If it's just to the kittens, then it's just the cats working out the food chain now that the young'ns are getting old enough to have to integrate into the Mature Cat World. None of your business [​IMG] and I *strongly* recommend not trying to intervene in any way. You can't change their social structure or how they maintain it; anything a person does is just going to cause additional and prolonged chaos and discontent. They'll work it out. BTW if the kittens are old enough they really need to be NEUTERED asap - the approach of sexual maturity can bring on all sorts of social upheavals, as well as additional unwanted kittens.

    If he's whacking at *people* as they walk by, I dunno, I have cats that do that sometimes and nobody ever uses claws, just a hard smack from a 'velvet' paw, and I just ignore it and nothing has ever, ever come of it. If it seems aggressive or if claws are being used then obviously it would be more of a problem, and I would tend to think that he may be extending his newfound animal-training skills <g> to your kids. They might oughta try to avoid walking right by him or annoying him [​IMG]. You might need to assess whether you've exceeded your 'carrying capacity' for number of cats, if it's not something you can live with.

    Good luck,

    Last edited: Oct 17, 2008
  5. CityGirlintheCountry

    CityGirlintheCountry Green Eggs and Hamlet

    Jul 7, 2007
    Middle TN
    I don't know if this helps, but my indoor cat does that with my dogs. Sometimes he swats them claws out, which I've always taken to mean "Go away. Don't touch me.". But sometimes he just reaches out with claws sheathed and pops them on the head. He also rubs his head up against them and hangs out with them so it's not all aggression. I've always intrepretted it as him establishing his dominance as alpha dog (even though he's a cat).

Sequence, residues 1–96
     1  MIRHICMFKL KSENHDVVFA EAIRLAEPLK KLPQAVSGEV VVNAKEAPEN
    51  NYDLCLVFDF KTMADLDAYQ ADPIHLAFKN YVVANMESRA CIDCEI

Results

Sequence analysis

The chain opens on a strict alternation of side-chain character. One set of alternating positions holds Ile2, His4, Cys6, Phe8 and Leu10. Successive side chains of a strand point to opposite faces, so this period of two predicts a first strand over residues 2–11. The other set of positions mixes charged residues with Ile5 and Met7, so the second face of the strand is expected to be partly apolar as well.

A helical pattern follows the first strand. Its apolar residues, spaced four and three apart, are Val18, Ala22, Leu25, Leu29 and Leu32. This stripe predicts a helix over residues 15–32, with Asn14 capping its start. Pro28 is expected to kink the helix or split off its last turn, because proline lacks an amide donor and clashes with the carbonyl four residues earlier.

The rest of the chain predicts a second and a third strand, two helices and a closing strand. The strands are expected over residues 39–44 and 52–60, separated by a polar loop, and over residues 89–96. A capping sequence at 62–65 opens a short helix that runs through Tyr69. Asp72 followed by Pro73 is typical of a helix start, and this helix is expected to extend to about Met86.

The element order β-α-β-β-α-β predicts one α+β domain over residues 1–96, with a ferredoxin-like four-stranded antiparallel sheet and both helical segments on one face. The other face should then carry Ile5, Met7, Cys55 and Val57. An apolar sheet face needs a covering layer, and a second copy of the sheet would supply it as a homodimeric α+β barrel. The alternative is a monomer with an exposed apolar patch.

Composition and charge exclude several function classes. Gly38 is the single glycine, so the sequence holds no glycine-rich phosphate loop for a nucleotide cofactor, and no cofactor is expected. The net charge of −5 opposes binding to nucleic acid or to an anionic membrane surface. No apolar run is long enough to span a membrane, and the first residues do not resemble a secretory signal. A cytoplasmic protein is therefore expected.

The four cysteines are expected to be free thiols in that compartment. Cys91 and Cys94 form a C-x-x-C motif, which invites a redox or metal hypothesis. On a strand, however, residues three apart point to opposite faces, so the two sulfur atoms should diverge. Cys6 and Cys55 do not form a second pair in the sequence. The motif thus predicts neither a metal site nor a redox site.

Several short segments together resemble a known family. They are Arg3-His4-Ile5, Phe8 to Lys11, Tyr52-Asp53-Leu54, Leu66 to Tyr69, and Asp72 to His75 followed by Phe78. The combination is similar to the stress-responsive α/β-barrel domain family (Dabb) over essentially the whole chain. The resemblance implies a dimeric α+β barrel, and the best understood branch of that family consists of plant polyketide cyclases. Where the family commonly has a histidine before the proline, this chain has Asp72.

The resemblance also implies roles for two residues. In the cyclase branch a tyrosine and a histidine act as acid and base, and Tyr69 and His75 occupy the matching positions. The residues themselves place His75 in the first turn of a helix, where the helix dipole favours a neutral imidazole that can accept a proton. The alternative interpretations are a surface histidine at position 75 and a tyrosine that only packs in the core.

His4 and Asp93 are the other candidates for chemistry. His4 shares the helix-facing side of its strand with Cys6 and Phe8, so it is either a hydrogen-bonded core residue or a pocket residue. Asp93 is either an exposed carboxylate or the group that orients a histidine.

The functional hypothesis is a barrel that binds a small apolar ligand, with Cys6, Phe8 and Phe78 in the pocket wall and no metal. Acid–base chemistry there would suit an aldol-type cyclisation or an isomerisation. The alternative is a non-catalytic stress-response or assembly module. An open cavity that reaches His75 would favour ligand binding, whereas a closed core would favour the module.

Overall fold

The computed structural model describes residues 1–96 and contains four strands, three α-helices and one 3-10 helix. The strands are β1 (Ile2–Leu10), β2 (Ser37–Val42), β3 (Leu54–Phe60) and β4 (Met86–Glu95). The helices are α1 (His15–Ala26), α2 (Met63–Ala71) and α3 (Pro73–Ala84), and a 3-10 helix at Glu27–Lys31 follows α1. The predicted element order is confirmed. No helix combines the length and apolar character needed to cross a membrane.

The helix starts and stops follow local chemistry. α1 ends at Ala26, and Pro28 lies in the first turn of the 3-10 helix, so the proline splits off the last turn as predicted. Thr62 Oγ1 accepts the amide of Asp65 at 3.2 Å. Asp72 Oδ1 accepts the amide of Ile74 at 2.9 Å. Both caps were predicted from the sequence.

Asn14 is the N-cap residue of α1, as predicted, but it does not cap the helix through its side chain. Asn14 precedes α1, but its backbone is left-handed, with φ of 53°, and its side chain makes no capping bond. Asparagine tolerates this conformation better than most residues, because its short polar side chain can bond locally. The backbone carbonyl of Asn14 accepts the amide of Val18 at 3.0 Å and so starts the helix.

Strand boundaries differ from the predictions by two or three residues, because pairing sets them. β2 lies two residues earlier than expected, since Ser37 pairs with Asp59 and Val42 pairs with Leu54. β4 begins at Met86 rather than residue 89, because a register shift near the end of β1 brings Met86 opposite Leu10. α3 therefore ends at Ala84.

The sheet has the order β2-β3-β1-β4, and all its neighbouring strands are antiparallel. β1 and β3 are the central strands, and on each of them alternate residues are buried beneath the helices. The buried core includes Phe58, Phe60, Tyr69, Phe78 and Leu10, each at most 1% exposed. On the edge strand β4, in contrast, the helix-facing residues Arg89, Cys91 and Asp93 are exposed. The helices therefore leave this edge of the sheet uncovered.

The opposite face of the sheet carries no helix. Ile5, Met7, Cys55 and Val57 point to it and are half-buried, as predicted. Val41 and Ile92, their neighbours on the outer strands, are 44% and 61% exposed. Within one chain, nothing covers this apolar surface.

How do the kittens react? I know my two barn kittens play pretty rough with each other. Maybe he's playing with them?

    Good luck!
  6. sussexgal

    sussexgal Songster

    Ah.... he sounds like he is being a big brother. Just keep an eye on the situation. No claws is an excellent thing [​IMG] He likes his little buddies and cats will do the strangest things... he may be toughening them up so to speak.... to survive you must expect the unexpected kinda thinking. He shows them affection and then tries to bait them. I love cats.... he may be asserting himself as boss, but cats have a leader within the group. A protector... just like roos with your hens. I wouldn't try to change that dynamic unless he is hurting one of the other cats. Let them be.... they sound like they are sorting it out on their own.
  7. derby

    derby Songster

    Apr 18, 2008
    Boonsboro, MD
    Yes - he has started swatting at the human children, with the claws in.

    The vet tells me the kittens are about 10 weeks and too young for fixing.

    All total, we have the 2 adult rescue cats and 3 kittens. I was hoping they would all get along, but I guess we could find homes for the kittens while they are young and cute.

    I think you are right- he is trying to train the human kids now along with the kittens. Should we reassert the human children as dominant? And if so, how?

    Why can't they just act like dogs? Now THAT, I could figure out....
  8. Akane